Buddhāvataṃsakasūtra

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बुद्धावतंसकसूत्र
Buddhāvataṃsakasūtra
སངས་རྒྱས་ཕལ་པོ་ཆེ་ཞེས་བྱ་བ་ཤིན་ཏུ་རྒྱས་པ་ཆེན་པོའི་མདོ།
sangs rgyas phal po che zhes bya ba shin tu rgyas pa chen po'i mdo
大方廣佛華嚴經
Dà fāng guǎng fó huá yán jīng
Scripture of the Garland of Buddhas
D44   ·  T278,279
SOURCE TEXT
One of the longest works in the entire Buddhist canon, the Buddhāvataṃsakasūtra is widely considered to be a compilation of independent scriptures, which was expanded upon over the course of time. It was extremely influential in East Asia, where it was preserved in an eighty-scroll recension. The Tibetan translation of this work fills four volumes in the Derge Kangyur. Though only two sections—namely, the Gaṇḍavyūhasūtra and the Daśabhūmikasūtra—have survived in Sanskrit, both of which have also circulated as independent works.
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The Uttaratantra cites a verse from the Buddhāvataṃsakasūtra that appears in the section titled the Daśabhūmikasūtra.

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Description from When the Clouds Part

Apart from the above-mentioned example of a canvas with the universe painted on it (quoted in RGVV), in the context of the gradual purification of the tathāgata heart, RGVV briefly refers to the example of gold’s being progressively purified, which refers to the process of the ten bhūmis.[1] This example is found in the Daśabhūmikasūtra within the Buddhāvataṃsakasūtra,[2] though without being related in any way to buddha nature.

Once, the Buddhāvataṃsakasūtra[3] uses the term tathāgatagarbha with its typical meaning of buddha nature, speaking of "possessing the tathāgata heart, which will be freed from the cocoons of the five doors of ignorance of all sentient beings."[4] In addition, the text uses tathāgatagarbha several times as an epithet of buddhahood and also says once that certain bodhisattvas are one with the body of the tathāgata heart. Once, a bodhisattva with the name Tathāgatagarbha is mentioned. (pp. 41-42)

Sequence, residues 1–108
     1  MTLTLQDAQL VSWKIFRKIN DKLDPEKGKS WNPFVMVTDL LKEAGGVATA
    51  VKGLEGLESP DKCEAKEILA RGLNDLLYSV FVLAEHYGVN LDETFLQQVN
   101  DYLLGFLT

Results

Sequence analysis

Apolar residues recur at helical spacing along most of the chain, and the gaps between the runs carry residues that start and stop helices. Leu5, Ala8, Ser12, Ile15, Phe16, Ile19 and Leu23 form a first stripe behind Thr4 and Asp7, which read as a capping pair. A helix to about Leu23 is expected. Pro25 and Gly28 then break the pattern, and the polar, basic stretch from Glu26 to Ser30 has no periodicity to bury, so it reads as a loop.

1. J5
  2. The corresponding passage (Daśabhūmikasūtra, edited by Johannes Rahder [Leuven: J.B. Istas, 1926], 20.14–18) says: "O sons of the victors, it is as follows. For example, to whichever extent pure gold is heated in a fire by a skilled goldsmith, to that extent it becomes refined, pure, and pliable as he pleases. O sons of the victors, likewise, to the extent that bodhisattvas make offerings to the buddha bhagavāns, make efforts in maturing sentient beings, and are in a state of adopting these kinds of dharmas that purify the bhūmis, to that extent their roots of virtue that they dedicate to omniscience will become refined, pure, and pliable as they please."
  3. D44 (four vols.) and Taishō 278. For an English translation from the Chinese, see Cleary 1993.
  4. Narthang Kangyur, vol. ca, fol. 312a.5–6.

Text Metadata

Text exists in ~ Tibetan
~ Chinese
Canonical Genre ~ Kangyur · Sūtra · phal chen · Avataṃsaka
Literary Genre ~ Sūtras - mdo

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